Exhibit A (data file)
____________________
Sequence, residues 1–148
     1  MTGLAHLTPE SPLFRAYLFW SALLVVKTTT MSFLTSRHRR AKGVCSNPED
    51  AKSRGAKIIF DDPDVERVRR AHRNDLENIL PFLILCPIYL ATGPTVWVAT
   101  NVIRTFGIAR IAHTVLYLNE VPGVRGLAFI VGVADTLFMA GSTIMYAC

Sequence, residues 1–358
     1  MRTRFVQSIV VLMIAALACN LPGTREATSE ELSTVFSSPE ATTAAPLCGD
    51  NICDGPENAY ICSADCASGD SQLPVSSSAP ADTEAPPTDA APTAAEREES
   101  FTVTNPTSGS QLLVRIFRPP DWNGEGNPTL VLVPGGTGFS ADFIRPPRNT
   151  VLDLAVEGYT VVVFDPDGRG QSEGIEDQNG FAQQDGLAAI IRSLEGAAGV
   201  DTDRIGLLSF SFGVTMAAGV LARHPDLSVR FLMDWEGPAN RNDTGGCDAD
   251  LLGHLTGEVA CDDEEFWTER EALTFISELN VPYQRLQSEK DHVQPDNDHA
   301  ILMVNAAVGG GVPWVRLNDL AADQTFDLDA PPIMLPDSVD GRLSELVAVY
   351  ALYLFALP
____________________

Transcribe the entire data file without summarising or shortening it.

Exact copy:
Sequence, residues 1–148
     1  MTGLAHLTPE SPLFRAYLFW SALLVVKTTT MSFLTSRHRR AKGVCSNPED
    51  AKSRGAKIIF DDPDVERVRR AHRNDLENIL PFLILCPIYL ATGPTVWVAT
   101  NVIRTFGIAR IAHTVLYLNE VPGVRGLAFI VGVADTLFMA GSTIMYAC

Sequence, residues 1–358
     1  MRTRFVQSIV VLMIAALACN LPGTREATSE ELSTVFSSPE ATTAAPLCGD
    51  NICDGPENAY ICSADCASGD SQLPVSSSAP ADTEAPPTDA APTAAEREES
   101  FTVTNPTSGS QLLVRIFRPP DWNGEGNPTL VLVPGGTGFS ADFIRPPRNT
   151  VLDLAVEGYT VVVFDPDGRG QSEGIEDQNG FAQQDGLAAI IRSLEGAAGV
   201  DTDRIGLLSF SFGVTMAAGV LARHPDLSVR FLMDWEGPAN RNDTGGCDAD
   251  LLGHLTGEVA CDDEEFWTER EALTFISELN VPYQRLQSEK DHVQPDNDHA
   301  ILMVNAAVGG GVPWVRLNDL AADQTFDLDA PPIMLPDSVD GRLSELVAVY
   351  ALYLFALP